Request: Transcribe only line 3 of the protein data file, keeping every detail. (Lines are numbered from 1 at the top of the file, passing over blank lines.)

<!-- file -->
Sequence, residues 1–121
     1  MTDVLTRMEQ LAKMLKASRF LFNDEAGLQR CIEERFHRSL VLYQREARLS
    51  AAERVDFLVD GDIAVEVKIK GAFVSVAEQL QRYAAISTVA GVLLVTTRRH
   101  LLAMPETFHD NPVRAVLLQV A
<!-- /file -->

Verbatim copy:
    51  AAERVDFLVD GDIAVEVKIK GAFVSVAEQL QRYAAISTVA GVLLVTTRRH